“On March 25, 2018, we became aware that during February of this year an unauthorized party acquired data associated with MyFitnessPal user accounts. The affected information included usernames, email addresses, and hashed passwords – the majority with the hashing function called bcrypt used to secure passwords,” Under Armour’s Chief Digital Officer Paul Fipps wrote in an emailed statement. That said he needn’t have worried judging by how the Twitterati have taken it in their stride.

“Once we became aware, we quickly took steps to determine the nature and scope of the issue. We are working with leading data security firms to assist in our investigation. We have also notified and are coordinating with law enforcement authorities.” Some online even praised how the company dealt with the situation.

User names, email addresses and passwords were all stolen in what is one of the largest data breaches in recorded history. However, given that the hack didn’t include any credit card information (payment information is collected and processed off-platform) or government-issued data like social security numbers and driver’s license numbers, reaction online has been somewhat lighthearted.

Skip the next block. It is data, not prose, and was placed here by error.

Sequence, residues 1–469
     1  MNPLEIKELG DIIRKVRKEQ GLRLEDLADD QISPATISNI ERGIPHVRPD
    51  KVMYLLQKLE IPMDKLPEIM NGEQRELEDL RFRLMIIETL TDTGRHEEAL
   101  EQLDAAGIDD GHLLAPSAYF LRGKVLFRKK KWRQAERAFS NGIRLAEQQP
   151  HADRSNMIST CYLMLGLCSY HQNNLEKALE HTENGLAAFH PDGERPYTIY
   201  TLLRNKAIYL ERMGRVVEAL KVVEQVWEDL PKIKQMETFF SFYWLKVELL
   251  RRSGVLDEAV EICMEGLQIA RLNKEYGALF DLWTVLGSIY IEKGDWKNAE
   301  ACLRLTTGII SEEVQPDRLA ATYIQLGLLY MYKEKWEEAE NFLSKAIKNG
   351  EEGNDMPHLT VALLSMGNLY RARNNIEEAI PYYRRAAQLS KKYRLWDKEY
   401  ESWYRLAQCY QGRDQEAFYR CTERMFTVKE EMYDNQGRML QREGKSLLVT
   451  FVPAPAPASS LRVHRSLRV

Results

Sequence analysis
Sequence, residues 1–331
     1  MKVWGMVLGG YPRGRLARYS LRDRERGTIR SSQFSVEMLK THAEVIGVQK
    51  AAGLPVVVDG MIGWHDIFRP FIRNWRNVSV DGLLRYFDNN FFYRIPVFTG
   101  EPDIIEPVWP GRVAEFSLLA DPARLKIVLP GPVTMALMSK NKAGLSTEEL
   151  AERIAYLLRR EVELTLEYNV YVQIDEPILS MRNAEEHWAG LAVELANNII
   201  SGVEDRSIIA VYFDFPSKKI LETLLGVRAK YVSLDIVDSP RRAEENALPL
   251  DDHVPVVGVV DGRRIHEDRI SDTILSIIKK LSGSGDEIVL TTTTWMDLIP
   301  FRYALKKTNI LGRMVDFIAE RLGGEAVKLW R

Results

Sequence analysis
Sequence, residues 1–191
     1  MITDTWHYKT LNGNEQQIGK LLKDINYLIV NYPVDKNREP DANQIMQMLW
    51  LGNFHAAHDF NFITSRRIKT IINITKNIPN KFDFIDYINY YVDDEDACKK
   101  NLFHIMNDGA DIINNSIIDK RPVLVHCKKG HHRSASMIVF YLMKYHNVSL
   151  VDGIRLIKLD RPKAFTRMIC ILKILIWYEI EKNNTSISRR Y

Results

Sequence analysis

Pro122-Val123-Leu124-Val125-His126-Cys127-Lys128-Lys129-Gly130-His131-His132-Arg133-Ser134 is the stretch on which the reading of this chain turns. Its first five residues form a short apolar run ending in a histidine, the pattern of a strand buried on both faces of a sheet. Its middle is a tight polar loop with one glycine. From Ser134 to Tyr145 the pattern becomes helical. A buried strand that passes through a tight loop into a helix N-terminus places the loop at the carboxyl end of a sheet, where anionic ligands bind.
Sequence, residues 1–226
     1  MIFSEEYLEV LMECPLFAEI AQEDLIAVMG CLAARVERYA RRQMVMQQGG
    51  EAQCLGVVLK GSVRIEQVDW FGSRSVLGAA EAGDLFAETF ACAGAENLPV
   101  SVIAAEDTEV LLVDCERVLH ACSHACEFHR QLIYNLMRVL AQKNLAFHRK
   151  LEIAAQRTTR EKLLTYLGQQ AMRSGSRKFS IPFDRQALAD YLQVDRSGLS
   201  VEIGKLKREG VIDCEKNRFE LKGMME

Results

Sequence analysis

“Email addresses are valuable for spammers because the attackers would know that active, real users are behind these addresses,” said Engin Kirda, a professor at Northeastern University in Boston as cited by Bloomberg. “The dark web is usually where data like this is sold to the highest bidder.”

Under Armour did not disclose how the breach was carried out and the perpetrator has yet to be identified. The breach was the largest known hack of consumer data announced this year and ranks in the top five data breaches of all time.

READ MORE: Equifax exec charged with insider trading, profiting $1mn in ‘largest data breach in US history’

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Street drug laced with BUG SPRAY transforms casual users into crazed ZOMBIES